The Spring’s Detour

I have to admit that although this year I was more accepting  than I usually am to  winter, I did however wake up this morning feeling disappointed. I walked onto my balcony and saw a  sky filled with dark clouds, a sun that was shyly trying to peep between the spaces, and a darkness that I had forgot to associate with the early hours of the day. The cold wind hit me in the face, making me  realize  that spring has decided to take a detour.

Winter was back , after a full week of sunshine, a week framed by a pleasant breeze , and just the right amount of brightness filling the city’s corners. The gloomy season won another battle of leadership and it decided to come just to stay a little longer. So, the jackets came out, the umbrellas returned from hiding , and the boots came back on. After all, it was cold and I did not like the idea of cold weather in March.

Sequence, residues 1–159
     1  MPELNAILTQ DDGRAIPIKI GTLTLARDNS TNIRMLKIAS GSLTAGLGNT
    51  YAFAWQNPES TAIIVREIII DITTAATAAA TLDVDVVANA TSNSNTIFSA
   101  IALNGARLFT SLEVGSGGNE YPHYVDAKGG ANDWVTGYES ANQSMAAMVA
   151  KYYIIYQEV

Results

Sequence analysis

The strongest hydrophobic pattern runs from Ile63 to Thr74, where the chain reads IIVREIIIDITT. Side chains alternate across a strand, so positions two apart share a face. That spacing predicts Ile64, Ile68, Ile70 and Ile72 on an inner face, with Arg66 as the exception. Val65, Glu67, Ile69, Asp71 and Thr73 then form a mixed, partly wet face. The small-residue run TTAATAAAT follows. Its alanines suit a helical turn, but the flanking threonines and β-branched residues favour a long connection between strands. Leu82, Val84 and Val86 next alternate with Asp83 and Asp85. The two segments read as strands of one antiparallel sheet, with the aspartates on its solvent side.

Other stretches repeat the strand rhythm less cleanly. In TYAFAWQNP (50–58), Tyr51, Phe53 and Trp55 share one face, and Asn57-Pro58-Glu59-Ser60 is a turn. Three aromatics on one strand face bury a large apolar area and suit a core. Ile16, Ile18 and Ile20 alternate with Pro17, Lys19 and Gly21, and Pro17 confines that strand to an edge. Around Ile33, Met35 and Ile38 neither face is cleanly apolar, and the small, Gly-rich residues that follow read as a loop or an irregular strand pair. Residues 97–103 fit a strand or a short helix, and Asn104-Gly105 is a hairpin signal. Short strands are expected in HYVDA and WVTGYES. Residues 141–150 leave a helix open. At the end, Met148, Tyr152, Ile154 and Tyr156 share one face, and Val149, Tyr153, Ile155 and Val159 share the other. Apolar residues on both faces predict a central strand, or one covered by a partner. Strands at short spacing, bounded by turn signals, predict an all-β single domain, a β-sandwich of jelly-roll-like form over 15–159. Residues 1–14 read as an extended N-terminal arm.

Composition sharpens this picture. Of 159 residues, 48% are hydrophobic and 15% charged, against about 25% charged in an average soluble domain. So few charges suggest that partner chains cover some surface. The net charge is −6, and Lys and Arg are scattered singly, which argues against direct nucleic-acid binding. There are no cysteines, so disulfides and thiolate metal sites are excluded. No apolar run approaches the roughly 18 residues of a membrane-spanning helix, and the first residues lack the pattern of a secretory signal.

The minute I  stepped onto the streets of Amman, the sun disappeared completely. The gray clouds became thicker, and darker, as a faint thunder rumbled in the distance. By the time I stopped a cab, the thunder became louder and the wind became fiercer, swaying trees from side to side. A few minutes later, the rain tapped fiercely on the car windows and the wind howled long and hard at everything that came its way.

People in the streets ran for the indoors, as cars stopped in their own tracks. It is funny how each rainfall increases traffic in Amman and this rainfall was no exception. Car drivers were honking, people in the cars were complaining. The wind by now was screeching chants of chaos as and the world was trying not to respond.

Five minutes later the rain stopped, the sun peeped shyly through the clouds again, and the cars drove swiftly. It was as if spring was back again, or at least it was trying to return.

I couldn’t help but notice that the spring’s detour lasted twenty minutes, but in these twenty minutes it managed to change the face of a city. However, the city bounced back as did the weather, and the chaos became a lost memory.

If  only we, like the weather, can bounce back to where we were before our detour, be it a detour in our moods, a detour to anger, a detour in sound judgment, or simply a detour in life then conflicts would be resolved much faster than they are now. If we can change and adapt as quickly as the weather does, then no bad habits stick.

Maybe we should be as flexible as our weather

Food for thought.

 

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